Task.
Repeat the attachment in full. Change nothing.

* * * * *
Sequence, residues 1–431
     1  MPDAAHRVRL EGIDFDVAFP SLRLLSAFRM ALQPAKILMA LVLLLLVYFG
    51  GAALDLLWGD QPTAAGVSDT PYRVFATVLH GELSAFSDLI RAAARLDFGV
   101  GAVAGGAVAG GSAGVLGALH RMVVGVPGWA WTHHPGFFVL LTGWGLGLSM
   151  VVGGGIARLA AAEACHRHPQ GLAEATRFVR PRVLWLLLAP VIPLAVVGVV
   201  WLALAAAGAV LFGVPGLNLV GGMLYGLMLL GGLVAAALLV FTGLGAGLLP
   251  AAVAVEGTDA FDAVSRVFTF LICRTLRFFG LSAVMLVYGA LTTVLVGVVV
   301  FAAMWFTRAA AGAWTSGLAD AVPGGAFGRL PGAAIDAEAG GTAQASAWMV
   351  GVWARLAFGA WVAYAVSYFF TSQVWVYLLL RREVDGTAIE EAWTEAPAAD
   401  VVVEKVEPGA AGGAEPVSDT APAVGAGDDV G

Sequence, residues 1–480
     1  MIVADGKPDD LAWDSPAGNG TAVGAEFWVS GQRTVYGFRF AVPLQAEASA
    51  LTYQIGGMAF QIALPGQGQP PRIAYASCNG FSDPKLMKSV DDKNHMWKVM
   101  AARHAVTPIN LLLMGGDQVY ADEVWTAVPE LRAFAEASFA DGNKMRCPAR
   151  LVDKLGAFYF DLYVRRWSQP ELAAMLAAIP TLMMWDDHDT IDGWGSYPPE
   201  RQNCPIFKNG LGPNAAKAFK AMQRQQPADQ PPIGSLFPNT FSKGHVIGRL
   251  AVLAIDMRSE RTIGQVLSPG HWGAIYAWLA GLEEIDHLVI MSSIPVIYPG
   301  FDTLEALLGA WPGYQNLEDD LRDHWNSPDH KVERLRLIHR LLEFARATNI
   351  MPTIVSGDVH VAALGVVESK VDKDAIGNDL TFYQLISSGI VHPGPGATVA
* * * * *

Sequence, residues 1–431
     1  MPDAAHRVRL EGIDFDVAFP SLRLLSAFRM ALQPAKILMA LVLLLLVYFG
    51  GAALDLLWGD QPTAAGVSDT PYRVFATVLH GELSAFSDLI RAAARLDFGV
   101  GAVAGGAVAG GSAGVLGALH RMVVGVPGWA WTHHPGFFVL LTGWGLGLSM
   151  VVGGGIARLA AAEACHRHPQ GLAEATRFVR PRVLWLLLAP VIPLAVVGVV
   201  WLALAAAGAV LFGVPGLNLV GGMLYGLMLL GGLVAAALLV FTGLGAGLLP
   251  AAVAVEGTDA FDAVSRVFTF LICRTLRFFG LSAVMLVYGA LTTVLVGVVV
   301  FAAMWFTRAA AGAWTSGLAD AVPGGAFGRL PGAAIDAEAG GTAQASAWMV
   351  GVWARLAFGA WVAYAVSYFF TSQVWVYLLL RREVDGTAIE EAWTEAPAAD
   401  VVVEKVEPGA AGGAEPVSDT APAVGAGDDV G

Sequence, residues 1–480
     1  MIVADGKPDD LAWDSPAGNG TAVGAEFWVS GQRTVYGFRF AVPLQAEASA
    51  LTYQIGGMAF QIALPGQGQP PRIAYASCNG FSDPKLMKSV DDKNHMWKVM
   101  AARHAVTPIN LLLMGGDQVY ADEVWTAVPE LRAFAEASFA DGNKMRCPAR
   151  LVDKLGAFYF DLYVRRWSQP ELAAMLAAIP TLMMWDDHDT IDGWGSYPPE
   201  RQNCPIFKNG LGPNAAKAFK AMQRQQPADQ PPIGSLFPNT FSKGHVIGRL
   251  AVLAIDMRSE RTIGQVLSPG HWGAIYAWLA GLEEIDHLVI MSSIPVIYPG
   301  FDTLEALLGA WPGYQNLEDD LRDHWNSPDH KVERLRLIHR LLEFARATNI
   351  MPTIVSGDVH VAALGVVESK VDKDAIGNDL TFYQLISSGI VHPGPGATVA